Webinar: Transforming Monitoring & Evaluation to support food systems transformation
How can M&E transform to support (food) systems transformation?
Are you interested in cutting edge Monitoring & Evaluation developments? Are you an M&E expert, or is M&E an important part of your work as a practitioner? Are you involved in (food) systems transformation in the Global South? Then this free webinar, part of the international ‘M&E on the cutting edge’ conferences series may be of interest to you. The webinar takes place on Monday May 16.
The conference is organised in the context of the course ‘Evaluating and managing for sustainable development impact’ and open to the public.
This is the 12th edition of the ‘Monitoring & Evaluation on the cutting edge’ conference. Previous editions of this conferences focused on various M&E related topics, an overview is available here.
Growing need for food systems transformation
The global report on food crises (2021) reported the growing severity and magnitude of (food) crises with at least 155 million acutely food-insecure people in need of urgent assistance. The compounding impacts of persistent conflict/insecurity, economic shocks, including those associated with the COVID-19 pandemic, and weather extremes call for systemic approaches.
The United Nations Food systems Summit (UNFSS) held in 2021 indicated the need for sustainable food systems, and has accelerated the need for food systems transformation:
“If the world population reaches 9 billion by 2050, as predicted, the demand for food would increase by 60%. The situation isn’t any better today - the pandemic, poverty and food insecurity have left about a tenth of the global population undernourished in 2020. Nearly 150 million children under the age of 5 were estimated to be stunted.”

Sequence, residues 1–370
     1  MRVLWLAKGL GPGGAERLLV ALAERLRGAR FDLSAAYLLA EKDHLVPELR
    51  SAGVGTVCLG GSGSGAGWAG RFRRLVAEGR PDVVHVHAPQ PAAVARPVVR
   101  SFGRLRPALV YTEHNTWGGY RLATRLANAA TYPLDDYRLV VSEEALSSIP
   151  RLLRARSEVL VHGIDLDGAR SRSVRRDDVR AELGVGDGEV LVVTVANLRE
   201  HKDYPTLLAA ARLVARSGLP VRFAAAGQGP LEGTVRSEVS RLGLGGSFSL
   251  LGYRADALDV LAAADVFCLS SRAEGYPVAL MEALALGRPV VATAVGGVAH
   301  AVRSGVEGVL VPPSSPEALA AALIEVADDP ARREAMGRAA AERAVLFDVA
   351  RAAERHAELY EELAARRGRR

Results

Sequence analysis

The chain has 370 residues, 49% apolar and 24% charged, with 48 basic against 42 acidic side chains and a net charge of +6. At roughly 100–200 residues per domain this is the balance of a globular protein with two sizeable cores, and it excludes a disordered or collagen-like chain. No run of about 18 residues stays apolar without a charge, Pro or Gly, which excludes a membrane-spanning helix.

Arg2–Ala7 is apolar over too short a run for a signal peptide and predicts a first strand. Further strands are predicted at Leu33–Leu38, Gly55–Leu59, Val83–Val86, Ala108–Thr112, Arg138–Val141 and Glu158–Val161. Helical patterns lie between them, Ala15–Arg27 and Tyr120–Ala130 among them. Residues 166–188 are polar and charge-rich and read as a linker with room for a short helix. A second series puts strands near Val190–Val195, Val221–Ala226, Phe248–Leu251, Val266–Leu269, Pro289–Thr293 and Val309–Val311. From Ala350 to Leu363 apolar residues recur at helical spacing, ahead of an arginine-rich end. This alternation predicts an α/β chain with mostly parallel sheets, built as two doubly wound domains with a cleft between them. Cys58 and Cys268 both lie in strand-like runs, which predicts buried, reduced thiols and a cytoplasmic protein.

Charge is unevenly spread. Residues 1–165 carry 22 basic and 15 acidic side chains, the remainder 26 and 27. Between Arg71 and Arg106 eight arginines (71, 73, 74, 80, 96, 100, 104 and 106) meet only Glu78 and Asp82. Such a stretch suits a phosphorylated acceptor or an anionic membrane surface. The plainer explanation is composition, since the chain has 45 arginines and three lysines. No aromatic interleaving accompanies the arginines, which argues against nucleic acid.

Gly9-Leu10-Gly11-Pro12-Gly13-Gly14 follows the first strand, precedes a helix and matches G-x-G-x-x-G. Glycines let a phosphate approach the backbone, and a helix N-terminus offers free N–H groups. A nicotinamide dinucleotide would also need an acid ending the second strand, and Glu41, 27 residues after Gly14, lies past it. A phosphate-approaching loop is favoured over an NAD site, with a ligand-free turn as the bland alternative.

Food systems transformation and M&E
Urgent changes are needed to make our food systems more inclusive, resilient and sustainable.
How can M&E transform so that it can truly support food system transformation?
Food systems are complex systems that are related to other systems like the climate, water, health, political and cultural systems. They call for engagement of stakeholders at multiple levels in multiple sectors. Therefore, food systems transformation calls for a different way of doing monitoring and evaluation. It involves moving beyond projects and programs, recognizing complexity and applying systems thinking. It involves making sense of trends and developments, developing scenarios and having foresight. And it involves understanding and monitoring transformational change (e.g. disruption of feedback loops, tipping points, etc). And ensuring that this feeds into (evidence-based) decision making at different levels. This requires different capacities, approaches and principles. Therefor our core question at the webinar is:
How can M&E transform so that it can truly support (food) system transformation?
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Program overview webinar
|13.30||Launch of the webinar|
|13.40||Short introduction Michael Quinn Patton – setting the scene on systems transformation|
|13.45||Keynote Jim Woodhill - How can foresight and scenario analysis support (global) food system transformation?|
|14.05||Keynote Michael Quinn Patton – How can M&E professionals best support food system transformation? What does this involve in terms of M&E practices, processes and the M&E profession?|
|14.45||Panel discussion – with MQ Patton, Jim Woodhill, Mine Pabari, Sylvester Dickson Baguma, Natalie Kapinga and Harunur Rashid|
|15.30||Round off and closing|
Biodata keynote speakers and panellists
Michael Quinn Patton
Utilization-focused evaluation, 5th ed (2021), Qualitative Research &
Evaluation Methods, 4th ed (2015), Blue Marble Evaluation (2020),
Principles-Focused Evaluation (2018), Facilitating Evaluation (2018) and
Developmental Evaluation (2011).
Sylvester Dickson Baguma
Webinar organisers & moderators from Wageningen University & Research (WUR)
Cecile is senior advisor Planning, Monitoring and Evaluation at WUR and lead author for 2 books: ‘Managing for Sustainable Development Impact’ and 'Making evaluations matter: a practical guide for evaluators'
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